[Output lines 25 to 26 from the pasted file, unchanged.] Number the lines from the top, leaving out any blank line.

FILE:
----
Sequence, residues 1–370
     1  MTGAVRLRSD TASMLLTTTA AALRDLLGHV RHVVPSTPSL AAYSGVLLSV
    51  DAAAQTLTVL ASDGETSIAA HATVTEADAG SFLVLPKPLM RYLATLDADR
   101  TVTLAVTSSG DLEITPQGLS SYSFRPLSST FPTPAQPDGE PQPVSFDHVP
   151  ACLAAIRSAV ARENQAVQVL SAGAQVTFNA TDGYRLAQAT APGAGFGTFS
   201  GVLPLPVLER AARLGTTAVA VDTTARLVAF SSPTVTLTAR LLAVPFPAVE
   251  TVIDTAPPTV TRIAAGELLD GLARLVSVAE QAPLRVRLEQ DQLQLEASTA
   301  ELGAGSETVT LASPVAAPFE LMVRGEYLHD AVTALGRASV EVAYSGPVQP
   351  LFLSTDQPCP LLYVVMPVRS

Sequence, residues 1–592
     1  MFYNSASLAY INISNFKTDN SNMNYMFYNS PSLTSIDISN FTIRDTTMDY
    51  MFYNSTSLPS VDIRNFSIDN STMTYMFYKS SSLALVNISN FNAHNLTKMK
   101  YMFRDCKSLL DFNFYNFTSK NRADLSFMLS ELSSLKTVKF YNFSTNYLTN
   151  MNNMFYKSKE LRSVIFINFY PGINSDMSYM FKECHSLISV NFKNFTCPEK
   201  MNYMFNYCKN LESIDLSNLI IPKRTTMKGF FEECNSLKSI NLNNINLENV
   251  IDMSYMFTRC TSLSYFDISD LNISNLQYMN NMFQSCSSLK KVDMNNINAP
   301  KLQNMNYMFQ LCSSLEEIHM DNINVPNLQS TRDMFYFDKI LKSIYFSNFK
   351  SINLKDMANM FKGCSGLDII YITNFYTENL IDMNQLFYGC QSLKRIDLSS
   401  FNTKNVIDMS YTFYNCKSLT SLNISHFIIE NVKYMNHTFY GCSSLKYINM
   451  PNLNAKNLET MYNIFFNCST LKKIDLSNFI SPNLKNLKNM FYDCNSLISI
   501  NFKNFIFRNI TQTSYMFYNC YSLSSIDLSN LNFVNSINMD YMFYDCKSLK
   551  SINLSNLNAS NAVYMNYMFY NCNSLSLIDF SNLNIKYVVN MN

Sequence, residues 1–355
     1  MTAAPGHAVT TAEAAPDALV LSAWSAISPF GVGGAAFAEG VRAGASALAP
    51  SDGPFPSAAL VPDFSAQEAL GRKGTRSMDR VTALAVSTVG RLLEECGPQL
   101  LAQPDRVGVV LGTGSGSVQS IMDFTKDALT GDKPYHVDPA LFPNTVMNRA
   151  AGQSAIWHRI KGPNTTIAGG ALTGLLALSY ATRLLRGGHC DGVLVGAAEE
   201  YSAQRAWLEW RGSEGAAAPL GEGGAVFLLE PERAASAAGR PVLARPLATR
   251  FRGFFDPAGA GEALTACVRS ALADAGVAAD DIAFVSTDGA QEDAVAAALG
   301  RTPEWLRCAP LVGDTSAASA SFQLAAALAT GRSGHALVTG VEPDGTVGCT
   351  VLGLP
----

    51  SDGPFPSAAL VPDFSAQEAL GRKGTRSMDR VTALAVSTVG RLLEECGPQL
   101  LAQPDRVGVV LGTGSGSVQS IMDFTKDALT GDKPYHVDPA LFPNTVMNRA